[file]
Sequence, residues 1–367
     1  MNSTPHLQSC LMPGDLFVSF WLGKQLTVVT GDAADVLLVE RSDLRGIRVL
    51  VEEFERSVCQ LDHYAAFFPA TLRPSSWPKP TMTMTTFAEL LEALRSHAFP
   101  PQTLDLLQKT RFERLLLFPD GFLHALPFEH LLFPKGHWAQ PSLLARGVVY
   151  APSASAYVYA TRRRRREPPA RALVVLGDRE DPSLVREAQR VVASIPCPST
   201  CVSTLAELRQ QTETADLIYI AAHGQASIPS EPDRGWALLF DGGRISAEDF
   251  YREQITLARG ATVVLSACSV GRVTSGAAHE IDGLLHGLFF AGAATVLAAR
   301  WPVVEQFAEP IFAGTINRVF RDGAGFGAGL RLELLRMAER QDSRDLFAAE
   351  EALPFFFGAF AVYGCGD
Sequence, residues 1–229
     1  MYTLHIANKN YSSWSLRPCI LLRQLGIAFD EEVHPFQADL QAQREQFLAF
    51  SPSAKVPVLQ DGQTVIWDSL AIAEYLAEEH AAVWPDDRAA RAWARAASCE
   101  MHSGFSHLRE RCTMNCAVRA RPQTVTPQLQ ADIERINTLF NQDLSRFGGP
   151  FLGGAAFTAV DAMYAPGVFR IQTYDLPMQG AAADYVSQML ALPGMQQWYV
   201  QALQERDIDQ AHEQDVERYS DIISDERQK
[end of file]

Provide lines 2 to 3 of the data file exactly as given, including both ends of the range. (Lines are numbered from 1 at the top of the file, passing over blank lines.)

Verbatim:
     1  MNSTPHLQSC LMPGDLFVSF WLGKQLTVVT GDAADVLLVE RSDLRGIRVL
    51  VEEFERSVCQ LDHYAAFFPA TLRPSSWPKP TMTMTTFAEL LEALRSHAFP